The Los Angeles Times (which blew the cover off a major Microsoft "astroturf" campaign a couple years ago), has published details of another phony letter writing campaign attempting to show popular support for Microsoft's position vs. the Department of Justice.
"An astroturf" campaign is so called after the artificial grass product AstroTurftm since it artificially simulates "grass-roots" support.
In this case, a great deal of effort was expended to make the letters look real and individual, so the intent to deceive is obvious. Each was on "personalized" stationary and used different type faces, but some included mistakes (coming from dead people and towns that didn't exist) and a number of them included identical sentences. They were, in fact, composed by a Microsoft lobbying front, Americans for Technology Leadership.
The staffs of Attorneys General in several states detected the subterfuge and they have expressed considerable anger at Microsoft. Mike Hatch, Attorney General of Minnesota, described Microsoft's campaign thusly: "It's sleazy" "This is not a company that appears to be bothered by ethical boundaries".
As usual, Microsoft's surrogates "innovated" the truth. ATL executive director Jim Pendergast first said, "We gave them a few bullet points, but that's about the extent of it." Faced with identical sentences in some of the letters, Pendergast then conceded, "We'd write the letter and then send it to them".
Actually, this isn't "astroturfs again", it's just another project in a massive ongoing astroturf campaign. Numerous magazine columnists have recently published columns spouting the Microsoft line, almost word for word. Microsoft's PR fronts send them a template and pay them for getting the article published. The results are pretty easy to spot because they just paraphrase the template, All include the exact same points.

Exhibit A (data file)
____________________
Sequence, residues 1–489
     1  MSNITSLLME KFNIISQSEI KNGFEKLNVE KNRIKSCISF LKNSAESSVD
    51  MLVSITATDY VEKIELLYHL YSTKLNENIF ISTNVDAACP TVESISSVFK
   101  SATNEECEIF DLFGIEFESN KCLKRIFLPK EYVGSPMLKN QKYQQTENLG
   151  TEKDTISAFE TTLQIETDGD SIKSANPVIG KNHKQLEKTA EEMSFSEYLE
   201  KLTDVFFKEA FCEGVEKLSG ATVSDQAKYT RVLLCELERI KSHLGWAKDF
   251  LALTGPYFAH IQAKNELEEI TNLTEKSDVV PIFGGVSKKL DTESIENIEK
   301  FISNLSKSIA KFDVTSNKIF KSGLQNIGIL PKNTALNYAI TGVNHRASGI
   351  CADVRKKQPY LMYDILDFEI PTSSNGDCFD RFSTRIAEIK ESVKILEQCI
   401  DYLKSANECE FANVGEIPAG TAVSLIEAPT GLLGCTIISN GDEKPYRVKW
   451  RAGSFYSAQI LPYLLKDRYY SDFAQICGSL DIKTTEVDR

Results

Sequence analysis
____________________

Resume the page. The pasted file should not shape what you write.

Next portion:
Microsoft sponsors two major lobbying groups, The Association for Competitive Technology, and a spin-off from that group, Americans for Technology Leadership. Both are active in trying to influence legislation in state governments, especially in California. Neither will state how much of their support comes from Microsoft, but Oracle Corp. got in a little hot water about a year ago for having a detective agency sort through one of the organization's trash to try to determine that.
Microsoft also employs two high profile political advocacy groups: Dewey Square Group (Democrat oriented) and DCI/New Media (Republican oriented), has become the 5th largest "soft money" donor to both parties, and hires a whole lineup of other lobbying firms.
Keep in mind, this same "ethically challenged" company wants you to trust it with all your personal financial information, appointment schedule, credit card accounts, and other sensitive information through their expanded .NET and Passport services. If you use Hotmail, or MSN, this will happen pretty much automatically.
- Andrew Grygus
- Automation Access
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